The best parts of Battlefront II: Inferno Squad read like good fanfiction. The characters think of their friends as their real family; two Imperial agents have to go undercover as a couple at a fancy wedding; and emotional relationships are heightened. Those are common subjects in the fanfic world, and I was delighted and amused to see them here. After the first half is over, the tie-in novel loses some steam, but fans who are ready to become invested in this elite Imperial team will probably be satisfied by the majority of the story.
Let’s get this out of the way first: that title is goofy. Inferno Squad they are indeed, but most of the novel takes place while the four Imperial agents are undercover, trying to blend in with what remains of Saw Gerrera’s partisans after the Rebel extremist’s death on Jedha. As a tie-in to both both Star Wars Battlefront II and the Star Wars universe as a whole, the book has a lot of ground to cover, and it does it pretty neatly. Iden Versio, the only daughter of a high-ranking Imperial family, is placed in charge of the tean of elite high-ranking Imperials. Their mission is to go undercover, find out how the Partisans are targeting key Imperial leaders, and destroy the Rebel cell.
From there, it’s a case of the Empire’s best and cruelest against the Rebellion’s messiest and most desperate. Most of the book is set at the Partisan base. After the galaxy-spanning events of Battlefront: Twilight Company, I was surprised that the team travels so little in Inferno Squad, but that isn’t a problem. Instead, it feels like a puzzle, in which the reader works along with Iden to figure out the relationships and secrets among the Partisans. Unfortunately, some plot points are glossed over, or perhaps left for the game to tell – I was hoping for more resolution between Iden and Gideon Hask, who has both a deep friendship and a slight rivalry with Iden. Although it was suspenseful to wonder whether someone would blow their cover, the fact that the squad couldn’t spend much time together for risk of revealing their plan meant that the amount of character development possible between them was limited in the second half of the book.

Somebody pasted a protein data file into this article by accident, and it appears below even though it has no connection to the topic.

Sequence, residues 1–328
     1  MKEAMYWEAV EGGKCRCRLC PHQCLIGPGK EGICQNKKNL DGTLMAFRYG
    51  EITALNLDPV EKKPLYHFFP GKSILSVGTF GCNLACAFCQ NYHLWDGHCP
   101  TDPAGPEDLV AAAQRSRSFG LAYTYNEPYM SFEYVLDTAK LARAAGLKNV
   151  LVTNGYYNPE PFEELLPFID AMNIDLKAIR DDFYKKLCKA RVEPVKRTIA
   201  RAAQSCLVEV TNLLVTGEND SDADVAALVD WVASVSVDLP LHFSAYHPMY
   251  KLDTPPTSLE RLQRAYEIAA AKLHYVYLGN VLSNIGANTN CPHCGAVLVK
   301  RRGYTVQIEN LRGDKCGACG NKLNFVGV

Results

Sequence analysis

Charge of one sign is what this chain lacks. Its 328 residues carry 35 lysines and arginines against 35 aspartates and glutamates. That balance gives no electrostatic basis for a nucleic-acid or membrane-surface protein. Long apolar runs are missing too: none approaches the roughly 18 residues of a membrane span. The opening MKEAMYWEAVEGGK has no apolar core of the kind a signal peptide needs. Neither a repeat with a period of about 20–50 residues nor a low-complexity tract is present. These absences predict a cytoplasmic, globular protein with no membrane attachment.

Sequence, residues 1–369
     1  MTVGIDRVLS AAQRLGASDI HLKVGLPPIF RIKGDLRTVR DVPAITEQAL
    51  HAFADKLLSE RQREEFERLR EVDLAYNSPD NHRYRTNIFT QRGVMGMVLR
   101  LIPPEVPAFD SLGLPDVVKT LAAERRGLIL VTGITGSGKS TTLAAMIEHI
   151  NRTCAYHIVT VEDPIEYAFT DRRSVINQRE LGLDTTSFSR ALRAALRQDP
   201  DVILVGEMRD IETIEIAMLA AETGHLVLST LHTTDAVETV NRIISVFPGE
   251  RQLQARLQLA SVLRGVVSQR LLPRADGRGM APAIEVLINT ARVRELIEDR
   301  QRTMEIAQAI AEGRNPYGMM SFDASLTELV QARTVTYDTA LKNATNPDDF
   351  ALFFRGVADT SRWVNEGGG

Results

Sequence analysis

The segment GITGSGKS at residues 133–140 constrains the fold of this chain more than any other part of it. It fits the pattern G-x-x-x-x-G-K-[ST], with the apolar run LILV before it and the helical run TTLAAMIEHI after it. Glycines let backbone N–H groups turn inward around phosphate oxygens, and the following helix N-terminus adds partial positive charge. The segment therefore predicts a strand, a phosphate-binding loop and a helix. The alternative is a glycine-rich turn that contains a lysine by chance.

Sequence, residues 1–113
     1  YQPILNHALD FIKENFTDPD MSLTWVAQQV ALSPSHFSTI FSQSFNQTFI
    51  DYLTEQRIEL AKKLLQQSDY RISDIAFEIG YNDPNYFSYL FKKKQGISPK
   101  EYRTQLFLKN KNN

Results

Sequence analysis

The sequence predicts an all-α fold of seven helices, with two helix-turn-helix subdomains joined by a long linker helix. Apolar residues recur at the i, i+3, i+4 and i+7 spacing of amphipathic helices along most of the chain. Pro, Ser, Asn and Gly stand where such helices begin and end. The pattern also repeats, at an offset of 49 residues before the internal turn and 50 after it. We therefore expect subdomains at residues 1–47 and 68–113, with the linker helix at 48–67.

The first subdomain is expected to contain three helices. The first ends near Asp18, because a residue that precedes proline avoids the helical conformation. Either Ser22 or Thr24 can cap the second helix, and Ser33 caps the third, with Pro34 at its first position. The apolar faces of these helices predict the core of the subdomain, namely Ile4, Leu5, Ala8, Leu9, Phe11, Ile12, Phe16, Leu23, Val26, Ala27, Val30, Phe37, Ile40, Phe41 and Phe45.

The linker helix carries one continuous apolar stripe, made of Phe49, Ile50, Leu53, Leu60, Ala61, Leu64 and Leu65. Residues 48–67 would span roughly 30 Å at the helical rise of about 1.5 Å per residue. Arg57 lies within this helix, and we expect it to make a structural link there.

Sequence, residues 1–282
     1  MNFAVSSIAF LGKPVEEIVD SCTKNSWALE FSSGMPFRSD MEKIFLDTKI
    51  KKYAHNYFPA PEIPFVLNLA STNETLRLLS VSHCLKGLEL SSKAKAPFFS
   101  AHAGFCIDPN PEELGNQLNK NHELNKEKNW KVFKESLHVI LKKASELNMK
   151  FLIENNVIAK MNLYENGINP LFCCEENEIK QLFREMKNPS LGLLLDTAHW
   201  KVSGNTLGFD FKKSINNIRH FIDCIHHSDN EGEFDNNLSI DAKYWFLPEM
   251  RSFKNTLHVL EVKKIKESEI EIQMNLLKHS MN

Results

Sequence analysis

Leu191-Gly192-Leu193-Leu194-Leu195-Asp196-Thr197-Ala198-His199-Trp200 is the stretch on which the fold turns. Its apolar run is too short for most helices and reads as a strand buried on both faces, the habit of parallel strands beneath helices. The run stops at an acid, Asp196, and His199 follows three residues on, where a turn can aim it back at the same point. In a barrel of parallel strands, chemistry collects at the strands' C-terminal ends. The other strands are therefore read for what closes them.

The four members of the undercover squadron are easily distinguishable and have complex internal lives, even if the dialogue is a bit stiff. The beginning of their missions against the Partisans is a bit rushed, and there are times where the characters are clearly explaining themselves to forestall readers’ questions. But I generally found them engaging, especially Iden.
Iden never thinks of herself as cartoonishly evil, even though she and her team sometimes display the proud viciousness of a cat dropping a dead animal on the doorstep. She tends to blurt things out even when she doesn’t mean to, but that isn’t her only negative trait. Although fellow Imperial officers think that she gained her rank due to her father’s prominence, the book shows that Garrick’s emotionally manipulative attitude toward his daughter hurt her as much as it helped. This is shown in a few notable moments. In one, Garrick refuses to honor Iden’s survival after the Death Star explosion, saying that she probably only fought drunken revelers. This clearly effects Iden’s own internal monologue: she is always waiting for her father to punish her, waiting for him to say that she isn’t good enough. Often, directly or indirectly, he does.